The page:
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Price to charge for cutting hay


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#1 ChestnutHillFarm

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Posted 27 March 2021 - 10:08 AM

Hello everyone - new to the forum. We have about 6 acres of pasture that we just acquired from a previous horse owner. He stated that he planted “high-quality bluegrass and fescue”. The field looks lush and green. we don’t plan on using the field for the next few years and someone has approached us to cut it for hay and to pay us a fee. How much is a reasonable price to ask for per acre? Is the price per cutting or for the entire year? New to this and trying to learn. Thank you so much and I appreciate any help you can provide.

#2 8350HiTech

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Posted 27 March 2021 - 11:12 AM

This could be anywhere from nothing to hundreds of dollars per acre. Your location matters a lot.
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#3 ttazzman

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Posted 27 March 2021 - 11:47 AM

Around here hay is cut on shares usually with the agreement that the hay person will buy back the landowners shares at market

#4 Trillium Farm

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Posted 27 March 2021 - 01:07 PM

It varies from situation, location, weather etc.

You can contract by the acre and number of cuts or by the nbr of bales.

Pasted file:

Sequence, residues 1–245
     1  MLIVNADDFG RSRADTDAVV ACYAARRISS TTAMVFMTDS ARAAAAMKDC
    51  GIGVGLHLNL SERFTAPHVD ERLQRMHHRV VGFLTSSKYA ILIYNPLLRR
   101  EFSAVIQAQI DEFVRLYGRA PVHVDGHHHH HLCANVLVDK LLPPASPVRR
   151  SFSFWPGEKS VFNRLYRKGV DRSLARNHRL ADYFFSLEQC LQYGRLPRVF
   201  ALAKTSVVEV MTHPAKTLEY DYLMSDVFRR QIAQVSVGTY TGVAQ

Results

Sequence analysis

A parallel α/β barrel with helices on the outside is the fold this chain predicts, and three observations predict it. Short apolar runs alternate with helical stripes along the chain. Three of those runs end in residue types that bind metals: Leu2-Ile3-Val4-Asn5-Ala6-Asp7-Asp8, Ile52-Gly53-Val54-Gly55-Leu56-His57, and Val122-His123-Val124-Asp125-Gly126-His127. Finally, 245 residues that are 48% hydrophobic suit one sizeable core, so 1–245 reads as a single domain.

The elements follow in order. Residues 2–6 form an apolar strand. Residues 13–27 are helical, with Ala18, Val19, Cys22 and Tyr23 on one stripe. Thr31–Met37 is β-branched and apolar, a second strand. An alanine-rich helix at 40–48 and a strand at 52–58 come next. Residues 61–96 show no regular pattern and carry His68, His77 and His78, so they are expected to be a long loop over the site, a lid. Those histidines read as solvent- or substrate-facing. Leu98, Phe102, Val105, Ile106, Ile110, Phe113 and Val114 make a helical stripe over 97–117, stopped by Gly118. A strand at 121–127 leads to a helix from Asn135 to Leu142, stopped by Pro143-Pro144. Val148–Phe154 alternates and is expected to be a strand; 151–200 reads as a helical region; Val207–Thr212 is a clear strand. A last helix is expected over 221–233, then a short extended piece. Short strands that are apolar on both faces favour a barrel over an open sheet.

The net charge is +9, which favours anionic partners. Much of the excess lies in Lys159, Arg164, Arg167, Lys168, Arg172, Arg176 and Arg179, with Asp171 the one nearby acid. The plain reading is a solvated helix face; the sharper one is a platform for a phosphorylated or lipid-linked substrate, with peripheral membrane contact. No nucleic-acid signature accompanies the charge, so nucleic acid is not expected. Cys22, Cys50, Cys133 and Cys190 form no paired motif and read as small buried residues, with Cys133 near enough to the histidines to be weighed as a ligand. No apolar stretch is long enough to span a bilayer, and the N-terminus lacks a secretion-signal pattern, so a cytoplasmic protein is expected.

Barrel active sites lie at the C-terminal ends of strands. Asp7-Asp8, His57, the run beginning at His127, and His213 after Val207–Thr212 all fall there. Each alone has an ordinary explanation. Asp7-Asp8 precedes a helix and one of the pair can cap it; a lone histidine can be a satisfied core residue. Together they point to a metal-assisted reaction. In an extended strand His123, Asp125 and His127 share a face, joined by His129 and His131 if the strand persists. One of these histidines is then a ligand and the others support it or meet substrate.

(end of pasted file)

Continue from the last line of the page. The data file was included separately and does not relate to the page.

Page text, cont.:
Generally if by the acre it's by the cut (2 cuts pays twice, 3 cuts thrice etc amount to be determined)

But it's really up to the individuals to come to an agreement, same for fertilizing



#5 Ox76

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Posted 27 March 2021 - 01:48 PM

You can do an internet search for "custom rates for farm services" near you, usually through an extension of a nearby college or similar.  It'll give you an idea about leasing, renting, services, etc.  They're usually from last year or before so things like increase in fuel costs this year will have an impact.  



#6 Vol

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Posted 27 March 2021 - 02:56 PM

When your buyer removes the hay, he is also removing very valuable nutrients of Nitrogen, Phosphorous, and Potash. These 3 amendments alone have skyrocketed this year with the probability of further price increases. These must be replaced every year when you remove hay from the field. Like was mentioned earlier, your location(state) is critical in evaluations. 

 

Regards, Mike


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#7 Stxpecans123

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Posted 28 March 2021 - 09:00 AM

I wouldn't waste my time on 6 acres.
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#8 siscofarms

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Posted 28 March 2021 - 09:29 AM